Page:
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Timothée Richard 12.16.20

Death Wellness


The dynamics of the wellness trend are influencing various lines of thought about mortality. Today, many aspire to “make death part of their life”.

In the U.K. last year, the Co-Op Funeralcare Media Report cited findings from a survey by YouGov: 93% of women respondents and 91% of the men had contemplated their own mortality, but only 27% had written a will and 81% “hadn’t saved a penny” for their funeral. While the subject is by far the last great taboo of an increasingly post-religious society, the notion of considering its cultural aspects and integrating death into one’s lifestyle is gaining ground.

Rehumanizing death

Death may not be a hot topic on Twitter, but many high-brows (e.g. therapists and researchers), as well as low-brows are seeking to dedramatize it and take a more clear-sighted approach to a subject that has lost much of its human element in recent decades.

In the U.K.last year, the psychologist Julia Samuel published her bestseller “Grief Works”, a guide to grief based on stories about bereavement. The author examines how we see and treat death in a day and age marked by the decline of religion, which has left a legacy of traditional, standard rituals.

In the U.S., a number of blogs have tackled this complex subject. Founded by mental health professionals, the blog “What’s Your Grief” provides a wealth of content to help people cope with bereavement (e.g. by conceptualizing progress and understanding cultural conventions) as well as give practical advice.

Joining in this movement to popularize “death positivity” and bring on the “death-care revolution”, former mortician Caitlin Doughty founded The Order of Good Deathan organization advocating a more death-informed society. Her YouTube series “Ask A Mortician” has nearly 800,000 subscribers and uses offbeat humor in educating her audience about mortality-related issues.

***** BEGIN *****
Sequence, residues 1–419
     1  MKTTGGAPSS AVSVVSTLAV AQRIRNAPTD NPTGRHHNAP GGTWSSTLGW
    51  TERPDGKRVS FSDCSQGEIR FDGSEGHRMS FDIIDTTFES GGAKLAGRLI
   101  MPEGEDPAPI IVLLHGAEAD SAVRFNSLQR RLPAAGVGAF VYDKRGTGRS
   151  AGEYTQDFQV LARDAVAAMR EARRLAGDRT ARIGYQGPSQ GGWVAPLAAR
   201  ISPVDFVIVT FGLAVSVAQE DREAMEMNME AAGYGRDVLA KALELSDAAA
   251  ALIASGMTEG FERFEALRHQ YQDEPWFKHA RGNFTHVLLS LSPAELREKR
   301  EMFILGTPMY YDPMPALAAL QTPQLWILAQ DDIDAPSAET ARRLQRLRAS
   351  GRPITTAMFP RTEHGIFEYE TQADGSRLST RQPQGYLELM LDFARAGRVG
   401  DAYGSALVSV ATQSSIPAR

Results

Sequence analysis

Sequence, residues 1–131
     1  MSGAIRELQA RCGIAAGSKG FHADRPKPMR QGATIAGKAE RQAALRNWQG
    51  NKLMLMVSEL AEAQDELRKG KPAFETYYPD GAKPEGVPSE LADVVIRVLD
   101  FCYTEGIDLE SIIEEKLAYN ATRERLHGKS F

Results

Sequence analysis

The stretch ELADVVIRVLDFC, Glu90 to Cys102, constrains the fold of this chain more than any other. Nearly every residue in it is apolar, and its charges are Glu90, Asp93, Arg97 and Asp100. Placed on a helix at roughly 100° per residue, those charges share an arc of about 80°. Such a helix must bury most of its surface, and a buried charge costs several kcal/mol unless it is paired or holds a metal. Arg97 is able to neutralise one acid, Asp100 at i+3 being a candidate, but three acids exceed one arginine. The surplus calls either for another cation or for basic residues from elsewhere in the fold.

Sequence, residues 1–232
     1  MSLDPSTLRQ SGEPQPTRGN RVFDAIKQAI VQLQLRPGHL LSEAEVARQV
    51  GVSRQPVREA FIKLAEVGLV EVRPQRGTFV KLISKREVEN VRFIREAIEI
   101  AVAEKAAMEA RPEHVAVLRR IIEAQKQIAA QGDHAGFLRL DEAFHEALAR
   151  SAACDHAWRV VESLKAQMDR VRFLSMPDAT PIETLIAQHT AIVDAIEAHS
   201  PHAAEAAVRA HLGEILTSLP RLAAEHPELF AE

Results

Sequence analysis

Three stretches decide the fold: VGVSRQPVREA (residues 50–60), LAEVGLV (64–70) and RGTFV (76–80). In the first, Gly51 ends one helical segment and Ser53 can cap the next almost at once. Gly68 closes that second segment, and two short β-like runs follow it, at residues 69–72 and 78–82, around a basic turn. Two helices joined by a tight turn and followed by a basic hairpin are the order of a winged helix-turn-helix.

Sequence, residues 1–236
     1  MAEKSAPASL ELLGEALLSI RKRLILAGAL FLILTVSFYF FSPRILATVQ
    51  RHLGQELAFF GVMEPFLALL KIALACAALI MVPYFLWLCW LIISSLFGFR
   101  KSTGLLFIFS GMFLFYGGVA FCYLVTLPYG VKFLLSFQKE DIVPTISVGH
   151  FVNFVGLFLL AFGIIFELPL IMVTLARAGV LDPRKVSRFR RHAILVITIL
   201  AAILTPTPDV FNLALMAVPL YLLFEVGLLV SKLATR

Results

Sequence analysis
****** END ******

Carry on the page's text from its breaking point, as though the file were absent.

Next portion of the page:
The phenomenon is gaining traction, although it has yet to attract large audiences on social platforms like Facebook and Instagram. According to Juliette Cazes founder of the YouTube channel “Le Bizarreum” for French speakers, social networks prefer to marginalize this subject, which is nevertheless gaining attention in other media.

In France, specialized websites are promoting a new outlook on end-of-life issues. “Happy End Life” reports on relevant news, innovations and controversies. Launched on October 31, 2018, the podcast “Mortel” (produced by Nouvelles Ecoutes) has come as a revelation.

Books are also reflecting this trend. In France, “Le jardin des étoiles mortes” by Laure Margerand deals with issues relative to digital death and has gained quite a following. The story is about a protagonist who decides to take revenge on his ex by eliminating every trace of her online presence, becoming a sort of digital undertaker.

It would seem that people are ready to talk about death. Discussion-friendly venues are cropping up, such as the Death Café gatherings that have taken place in 65 countries or the Kid Mai Death Awareness Café in Thailand. The point of these initiatives is to help relieve anxiety, stress and fear about death.

The “positive death” market

This market, worth 20 billion dollars in the U.S., is inspiring a new generation of entrepreneurs. Companies born online have set out to give a new twist to funeral services, heretofore largely confined to tradition and the culture of the final moment. By updating the visual and verbal content of services and presenting clear planning options, they aim to boost the appeal of such services.

This trend is visible at the international level. Nirvana Asia leads the market in South East Asia. In the U.K., has taken advice from SomeOne London and rebranded itself as Beyond, using cheerful colors (mainly yellow) and more appealing language to create a new kind of relationship with funeral service customers.

While some of the advertising has drawn criticism for being deliberately provocative – they borrow from the communication codes of low-cost airlines to pitch their services for this “one-way trip” – it conveys the message that death is no longer something to be swept under the rug, but dealt with by planning ahead, instead of leaving your loved ones to improvise.

Cover © Plastic Rain – Andres Reisinger

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